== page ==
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Changing National Curriculum For Physical Education Education Essay

Abstract: - This essay will embody a critical analysis on the contrasting themes across the differentiated DfEE/QCA 1999 National Curriculum and the newly enforced 2007 published documents, in relation to the subject of physical education. The essay will be formatted and based around discussion on three key curricular themes; creativity, flexibility, and inclusion; ending discussion with a select few more obvious additions to the new National Curriculum for Physical Education (NCPE)

To begin it is important to briefly define a general view of physical education within our country; “the aim of Physical Education is to develop physical competence so that all children are able to move efficiently, effectively and safely and understand what they our doing. The outcome – physical literacy- is as important to children’s overall development as literacy and numeracy.” Declaration on Physical Education (2005)

The Education Reform Act (1998) outlined the entitlement for all state education pupils to have Physical Education (PE) included as an integral part of the core curriculum. The National Curriculum for Physical Education (NCPE) was introduced for pupils aged between 5-16 years in 1992 and was modified in 1995 (DfC 1995); since revised for schools in England and became fully operational in September 2001, with the New Curriculum being enforced in 2007, meaning the DfEE/QCA 1999 NC is still in place for years 9, 10, 11 and primary schools.

Due to the limited word count only the three stated area of discussion will be discussed in explicit detail, but before initiating discussion on these areas, it is important to explain to you the reader the major changes between the two documents; which will bear reference throughout the essay. Firstly the starting point for all the changing in the secondary curriculum is the introduction of the three statutory aims; which give focus for curriculum design, which have never previously existed. Secondly the DfEE/QCA 1999 NCPE has four strands of programme of study, whereas the New NC 2007 has been developed into 5 key processes. The section, “key processes” most resemble the previous programme of study meaning teaching will be broadly familiar with it. The addition of ‘developing physical and mental capacity’ recognises the importance of physical qualities and mental determination to the final outcome. The key concepts (competence, performance, creativity, and healthy active lifestyles) holistically combine what is at the heart of PE giving the learner ideas on what is needed to be physically educated. The breath of study in the DfEE/QCA 1999 NCPE, has been developed further in the 2007 NCPE into a more flexible range and content, focusing the curriculum around pupils developing different ways of thinking that underpin success in a much more flexible array of activities; there is also statutory requirements for pupils to be offered opportunities that engage them with real audiences and real purpose, enabling PE beyond the school context.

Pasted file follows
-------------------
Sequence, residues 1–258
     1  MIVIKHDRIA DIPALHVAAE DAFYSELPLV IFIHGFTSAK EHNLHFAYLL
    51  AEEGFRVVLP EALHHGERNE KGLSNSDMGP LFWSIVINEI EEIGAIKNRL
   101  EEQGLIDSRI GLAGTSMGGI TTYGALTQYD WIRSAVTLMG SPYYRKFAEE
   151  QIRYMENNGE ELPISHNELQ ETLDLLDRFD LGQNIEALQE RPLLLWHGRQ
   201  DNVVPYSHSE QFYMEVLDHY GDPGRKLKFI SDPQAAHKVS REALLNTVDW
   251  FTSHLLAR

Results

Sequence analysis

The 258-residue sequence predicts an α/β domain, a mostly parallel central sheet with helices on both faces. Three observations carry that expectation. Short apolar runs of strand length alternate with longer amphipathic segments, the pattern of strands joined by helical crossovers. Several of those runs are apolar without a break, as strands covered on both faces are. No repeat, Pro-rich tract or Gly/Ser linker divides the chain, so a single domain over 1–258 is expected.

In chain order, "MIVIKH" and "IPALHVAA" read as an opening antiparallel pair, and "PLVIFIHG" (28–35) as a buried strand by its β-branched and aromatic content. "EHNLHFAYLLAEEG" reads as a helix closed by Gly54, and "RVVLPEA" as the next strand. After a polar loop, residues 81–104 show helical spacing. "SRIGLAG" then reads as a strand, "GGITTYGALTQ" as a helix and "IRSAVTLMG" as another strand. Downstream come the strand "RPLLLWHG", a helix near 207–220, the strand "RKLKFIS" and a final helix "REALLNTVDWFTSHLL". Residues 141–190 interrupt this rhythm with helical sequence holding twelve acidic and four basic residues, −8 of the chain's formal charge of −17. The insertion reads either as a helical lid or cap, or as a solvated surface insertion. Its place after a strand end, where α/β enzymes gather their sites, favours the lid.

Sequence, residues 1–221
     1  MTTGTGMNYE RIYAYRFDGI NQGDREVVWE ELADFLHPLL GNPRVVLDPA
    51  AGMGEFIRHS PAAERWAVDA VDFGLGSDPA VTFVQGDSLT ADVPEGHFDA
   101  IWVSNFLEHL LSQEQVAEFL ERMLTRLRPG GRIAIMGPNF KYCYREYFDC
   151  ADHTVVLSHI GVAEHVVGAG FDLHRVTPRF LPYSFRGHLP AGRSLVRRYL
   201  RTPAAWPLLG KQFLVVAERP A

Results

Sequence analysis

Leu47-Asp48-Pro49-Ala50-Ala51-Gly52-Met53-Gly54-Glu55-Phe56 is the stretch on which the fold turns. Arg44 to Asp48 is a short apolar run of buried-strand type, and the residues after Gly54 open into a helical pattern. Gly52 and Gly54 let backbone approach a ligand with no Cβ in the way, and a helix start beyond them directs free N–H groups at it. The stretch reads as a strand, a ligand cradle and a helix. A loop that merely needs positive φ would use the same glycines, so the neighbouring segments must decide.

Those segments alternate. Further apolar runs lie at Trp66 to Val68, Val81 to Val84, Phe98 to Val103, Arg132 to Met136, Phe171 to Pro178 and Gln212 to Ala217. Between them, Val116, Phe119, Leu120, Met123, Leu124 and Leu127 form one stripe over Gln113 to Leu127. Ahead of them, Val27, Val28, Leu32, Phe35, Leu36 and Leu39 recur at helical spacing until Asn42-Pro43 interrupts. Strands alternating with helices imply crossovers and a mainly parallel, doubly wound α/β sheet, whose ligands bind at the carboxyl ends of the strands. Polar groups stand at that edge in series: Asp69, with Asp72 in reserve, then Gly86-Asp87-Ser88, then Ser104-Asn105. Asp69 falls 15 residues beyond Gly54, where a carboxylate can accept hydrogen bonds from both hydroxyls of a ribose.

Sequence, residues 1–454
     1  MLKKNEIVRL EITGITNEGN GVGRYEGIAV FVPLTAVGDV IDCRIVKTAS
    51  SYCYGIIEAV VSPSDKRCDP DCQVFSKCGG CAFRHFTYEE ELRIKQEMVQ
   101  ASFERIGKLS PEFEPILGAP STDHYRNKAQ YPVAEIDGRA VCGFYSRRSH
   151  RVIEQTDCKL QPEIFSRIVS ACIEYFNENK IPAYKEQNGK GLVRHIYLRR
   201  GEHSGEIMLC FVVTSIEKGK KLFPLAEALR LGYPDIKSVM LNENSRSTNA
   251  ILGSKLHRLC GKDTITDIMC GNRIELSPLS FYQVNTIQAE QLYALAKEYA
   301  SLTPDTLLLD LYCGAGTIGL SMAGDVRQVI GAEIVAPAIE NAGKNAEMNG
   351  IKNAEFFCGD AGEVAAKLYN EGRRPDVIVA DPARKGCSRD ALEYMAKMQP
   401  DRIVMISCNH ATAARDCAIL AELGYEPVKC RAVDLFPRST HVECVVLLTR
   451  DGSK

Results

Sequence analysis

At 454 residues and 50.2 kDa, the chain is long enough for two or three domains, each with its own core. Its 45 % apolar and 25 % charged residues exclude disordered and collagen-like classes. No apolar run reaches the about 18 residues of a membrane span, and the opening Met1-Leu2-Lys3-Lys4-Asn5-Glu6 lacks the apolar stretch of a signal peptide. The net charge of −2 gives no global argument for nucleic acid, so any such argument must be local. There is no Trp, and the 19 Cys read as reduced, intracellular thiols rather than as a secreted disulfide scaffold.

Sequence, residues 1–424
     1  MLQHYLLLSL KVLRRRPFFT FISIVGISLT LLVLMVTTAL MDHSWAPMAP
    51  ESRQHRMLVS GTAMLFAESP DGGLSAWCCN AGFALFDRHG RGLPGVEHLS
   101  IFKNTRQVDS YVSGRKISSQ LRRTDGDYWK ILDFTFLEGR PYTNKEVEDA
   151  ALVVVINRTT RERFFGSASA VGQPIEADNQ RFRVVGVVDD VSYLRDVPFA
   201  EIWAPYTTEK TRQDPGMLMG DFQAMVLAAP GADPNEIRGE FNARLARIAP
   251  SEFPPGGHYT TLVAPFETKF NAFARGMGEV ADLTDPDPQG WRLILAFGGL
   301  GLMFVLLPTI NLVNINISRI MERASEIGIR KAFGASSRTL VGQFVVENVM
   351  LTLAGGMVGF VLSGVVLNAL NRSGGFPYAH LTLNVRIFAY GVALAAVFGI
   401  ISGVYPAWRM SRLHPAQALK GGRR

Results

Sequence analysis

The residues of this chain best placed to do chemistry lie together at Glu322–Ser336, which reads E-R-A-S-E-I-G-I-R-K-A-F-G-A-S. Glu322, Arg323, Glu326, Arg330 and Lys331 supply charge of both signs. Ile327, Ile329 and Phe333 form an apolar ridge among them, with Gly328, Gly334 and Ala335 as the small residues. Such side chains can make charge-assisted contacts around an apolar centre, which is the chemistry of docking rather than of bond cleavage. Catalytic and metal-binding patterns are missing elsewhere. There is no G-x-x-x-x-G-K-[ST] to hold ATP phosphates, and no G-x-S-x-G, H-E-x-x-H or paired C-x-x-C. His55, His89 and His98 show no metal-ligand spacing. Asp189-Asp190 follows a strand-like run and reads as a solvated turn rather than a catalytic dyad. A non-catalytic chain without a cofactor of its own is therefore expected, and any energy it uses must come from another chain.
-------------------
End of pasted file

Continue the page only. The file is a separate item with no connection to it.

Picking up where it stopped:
The first main area of discussion will be based around creativity in the two stated NCPE. Creativity is a diverse slippery concept that is very hard to define; it has variously been described as ‘imaginativeness or ingenuity manifested in any valued pursuit’ (Elliot 1975: 139); a function of intelligence’ (Robinson, 2001), or ‘going beyond the conventional agreed’ (Craft 2000). In relation to an educational context Lavin (2008) notes how the National Curriculum for Physical Education (NCPE) has never taken emphasis towards a creative approach; neither in terms of learning or teaching creatively. Pupils established in the DfEE/QCA 1999 NCPE, have previously been asked to acquire and develop skills, select and apply skills, compositional ideas and tactics; evaluate and improve performance; and have knowledge and understanding of health and fitness. On analyse the only real areas that previously explored the realness of creativity were with dance, games and gymnastic dimensions of the curriculum. Outdoor and Adventure activities also bared no influence requirement to develop a creative approach; pupils were just expected to enhance problem solving skills which are a very different cognitive process. The National Advisory Committee on Creative and Cultural Education (NACCCE) recognise this by stating that, “Creativity and problem solving are not the same thing. Not all problems call for creative solutions or original thinking. Some can be solved routinely and logically.” NACCCE (1999:24) Pioneering research like this encouraged an onslaught of new specific initiatives. Over the past few years the notion of creativity has been developed as a constant feature in educational initiatives. In 2003 the Office for Standards in Education (Ofsted) underwent a survey to examine and identify schools good practice in the promotion of creativity. Their report, “Expect the Unexpected: Developing Creativity in primary and secondary school”, found that there was generally high quality creative work. What’s more the Qualifications and Curriculum Authority’s (QCA) creativity project, “Creativity find it, promote it” (2004) developed a vital resource to encourage the implementation of this concept; by providing practical materials and examples of developing creativity in a school setting. In extension of these initiatives, Robert’s (2006) report, “Nurturing Creativity in Young People”, set out a clear framework to influence the further development of creative approaches to be enforced in the 2007 NCPE.